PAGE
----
Wed 8 Jul 2009
Look, I know hardly anything about American hip-hop, and this post includes literally EVERY SINGLE THING I know about Australian hip-hop, so I am clearly far, far from an authority on the subject, but chances are if you live in the United States, you know even less than I do. So I am going to exploit what little knowledge I do have.
As they say in the hip hop world, I am about to DROP SCIENCE.
Basically, I didn’t even know Aussie hip hop existed until I heard this song on the radio late last year:
The track is Nosebleed Section by Hilltop Hoods, a group from Adelaide who have probably become the biggest name in Australian hip hop. This was a watershed song back in 2004 the first breakout hip hop hit to originate in Australia. I have to admit that the part that sticks with me the most is the Melanie Safka sample, sounding like an old, scratchy record in the very best way, but it’s a fun song.
I think the title is clever, too. “Nosebleed section” usually refers to the budget seats in a stadium, far up and away from the action, where the joke is that the altitude is thin enough to cause nosebleeds. Hilltop Hoods might be able sell out huge stadiums these days, but they certainly weren’t able to when they recorded this song, when the audience for Aussie hip hop was mostly underground. So in this case, “nosebleed section” means way up at the front, where those dedicated fans were likely to be bloodied and bruised in a moshpit. This song is dedicated to them … and to drinking, partying, hot babes and hard work.
Drinking, partying, hot babes and hard work seem to be, unquestioningly, the most common themes in Aussie hip hop. Though it should be noted that Aussie rappers are less likely to rely on these themes than their compatriots in the pioneering Australian rock band AC/DC, it should also be noted that, well, that’s not saying much. It is only the most temperate Oz Hop albums which are restrained enough to include only one jubilant anthem to the act of getting blitheringly drunk. Such albums are, indeed, hypothetical and may in fact be too temperate to actually exist.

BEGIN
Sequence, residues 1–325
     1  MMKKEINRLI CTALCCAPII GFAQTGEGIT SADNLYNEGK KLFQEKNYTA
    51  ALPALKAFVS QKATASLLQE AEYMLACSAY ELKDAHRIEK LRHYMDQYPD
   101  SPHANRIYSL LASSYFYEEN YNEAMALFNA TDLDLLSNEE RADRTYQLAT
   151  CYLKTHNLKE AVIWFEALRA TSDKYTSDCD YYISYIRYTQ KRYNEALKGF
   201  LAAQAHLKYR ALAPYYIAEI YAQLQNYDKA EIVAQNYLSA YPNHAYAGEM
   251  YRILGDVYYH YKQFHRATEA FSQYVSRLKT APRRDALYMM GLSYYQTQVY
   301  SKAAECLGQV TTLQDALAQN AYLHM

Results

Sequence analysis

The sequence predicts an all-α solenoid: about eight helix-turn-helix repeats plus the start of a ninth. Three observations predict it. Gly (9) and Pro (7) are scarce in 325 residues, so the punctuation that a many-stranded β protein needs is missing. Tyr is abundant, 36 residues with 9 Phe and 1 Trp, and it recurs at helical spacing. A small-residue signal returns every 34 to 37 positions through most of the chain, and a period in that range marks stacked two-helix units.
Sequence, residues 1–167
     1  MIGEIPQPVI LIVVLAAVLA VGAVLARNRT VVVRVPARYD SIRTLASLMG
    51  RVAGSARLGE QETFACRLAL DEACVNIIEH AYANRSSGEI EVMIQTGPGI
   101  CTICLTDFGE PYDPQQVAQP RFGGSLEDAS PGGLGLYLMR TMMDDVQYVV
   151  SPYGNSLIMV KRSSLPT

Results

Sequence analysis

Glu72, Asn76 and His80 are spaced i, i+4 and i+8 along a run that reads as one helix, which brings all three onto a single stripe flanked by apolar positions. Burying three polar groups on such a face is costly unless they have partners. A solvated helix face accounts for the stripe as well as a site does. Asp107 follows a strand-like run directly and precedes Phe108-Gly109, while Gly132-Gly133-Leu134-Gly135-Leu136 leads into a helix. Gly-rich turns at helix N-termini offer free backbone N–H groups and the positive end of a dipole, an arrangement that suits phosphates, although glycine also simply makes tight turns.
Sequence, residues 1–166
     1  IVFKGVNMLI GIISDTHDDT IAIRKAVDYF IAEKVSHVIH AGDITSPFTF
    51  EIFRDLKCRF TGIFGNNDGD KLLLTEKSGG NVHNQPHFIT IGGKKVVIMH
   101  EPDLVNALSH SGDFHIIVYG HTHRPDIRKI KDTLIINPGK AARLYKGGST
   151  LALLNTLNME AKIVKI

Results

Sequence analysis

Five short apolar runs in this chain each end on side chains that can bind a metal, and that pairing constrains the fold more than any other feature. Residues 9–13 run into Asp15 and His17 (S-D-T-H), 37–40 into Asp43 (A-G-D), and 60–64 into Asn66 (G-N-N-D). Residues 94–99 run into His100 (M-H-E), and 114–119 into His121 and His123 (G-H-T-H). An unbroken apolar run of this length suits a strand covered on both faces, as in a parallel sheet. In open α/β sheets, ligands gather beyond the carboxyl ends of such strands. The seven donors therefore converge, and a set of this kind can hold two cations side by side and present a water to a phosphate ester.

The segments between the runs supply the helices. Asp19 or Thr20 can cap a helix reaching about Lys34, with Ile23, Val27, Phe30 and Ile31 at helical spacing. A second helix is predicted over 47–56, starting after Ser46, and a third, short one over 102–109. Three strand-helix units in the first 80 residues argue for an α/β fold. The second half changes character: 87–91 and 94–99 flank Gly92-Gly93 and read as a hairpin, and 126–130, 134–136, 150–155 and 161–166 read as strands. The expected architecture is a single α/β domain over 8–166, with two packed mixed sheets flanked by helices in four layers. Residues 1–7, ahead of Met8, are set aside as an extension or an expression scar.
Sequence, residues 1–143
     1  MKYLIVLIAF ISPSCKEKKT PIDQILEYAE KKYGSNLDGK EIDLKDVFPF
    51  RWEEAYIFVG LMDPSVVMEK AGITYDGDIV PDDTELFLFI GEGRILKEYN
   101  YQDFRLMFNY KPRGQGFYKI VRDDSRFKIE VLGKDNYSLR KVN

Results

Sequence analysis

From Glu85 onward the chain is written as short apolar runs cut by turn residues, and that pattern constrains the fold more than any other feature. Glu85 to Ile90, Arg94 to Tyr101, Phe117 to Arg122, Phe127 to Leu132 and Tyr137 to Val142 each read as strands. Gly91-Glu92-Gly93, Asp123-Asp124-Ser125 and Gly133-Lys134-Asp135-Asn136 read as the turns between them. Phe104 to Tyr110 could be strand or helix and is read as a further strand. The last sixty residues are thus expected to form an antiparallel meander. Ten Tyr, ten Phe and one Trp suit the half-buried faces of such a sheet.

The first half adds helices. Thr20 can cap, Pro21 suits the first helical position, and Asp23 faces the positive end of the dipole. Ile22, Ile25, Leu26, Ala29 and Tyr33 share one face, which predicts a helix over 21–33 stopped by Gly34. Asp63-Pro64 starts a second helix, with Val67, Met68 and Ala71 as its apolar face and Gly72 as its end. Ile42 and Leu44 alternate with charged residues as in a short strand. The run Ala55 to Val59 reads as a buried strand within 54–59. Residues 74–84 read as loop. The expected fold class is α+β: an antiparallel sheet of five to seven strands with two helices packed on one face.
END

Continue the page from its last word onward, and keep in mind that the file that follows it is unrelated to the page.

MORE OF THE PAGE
Drapht, who provided the song which inspired yesterday’s post, has two exceptional examples of the alco-hip hop genre, the maudlin (I almost wrote “sober” … ha!) Drink, Drank, Drunk and the bouncy Boom Boom Boom), but I’d rather talk about his song Jimmy Recard, which is mostly, but not ENTIRELY about drinking. Plus it actually has a video clip:
Jimmy Recard uses the common rap motif of an unstoppable alter ego, though from the beginning Drapht spins it as a conceit, a “what-if” scenario based on the idea that being given a different name could give anyone a different life, one that could possibly be infinitely cooler. Unlike the typical boast song, where the listener is invited to idolize the narrator, here the narrator himself is just fantasizing about being someone worth idolizing. What I find funny is that his aspirations apparently aren’t really that high — his hypothetical Jimmy Recard is referred to most frequently as “the king of the bar.” He may be “practically the man of the millennium,” but in Jimmy’s world “king of the castle” is no different than “king of the barstool.”
Jimmy Recard would, in fact, be a terrible name to grow up with, so dangerously close to Jimmy RETARD that it would like low-hanging fruit for school kids looking for someone to pick on. So I think that even the hypothetical hero of this song must delusional. Scarred from age seven onward, he now spends his days drowning in each pint he downs, imagining a crown on his head and a multitude of lacy brassieres at his feet. Hoorah, hoorah!
Finally, one last Aussie hip hop track, just because it has an amusing video clip. I found this one while trying to track down Where Yah From? earlier this week. The song is called Where You At? by the Astronomy Class, and it uses basically the same lyrics as the chorus Where Yah From?, though the rhythm is different. I can’t decide which song is catchier. Any opinions?
Actually, the is only Aussie hip hop song I’ve heard so far that features more than just thin, pasty white dudes on the mic. It’s nice to see a bit of diversity. One of the chicks in the video calls herself Africa-Australian, and my first thought was “Oh, interesting!” but then I remembered that I have a good friend who is Africa-Australian, and he is a thin, pasty white dude. So there you go.
And that is everything I know about Australian hip hop. All or none of it may be true.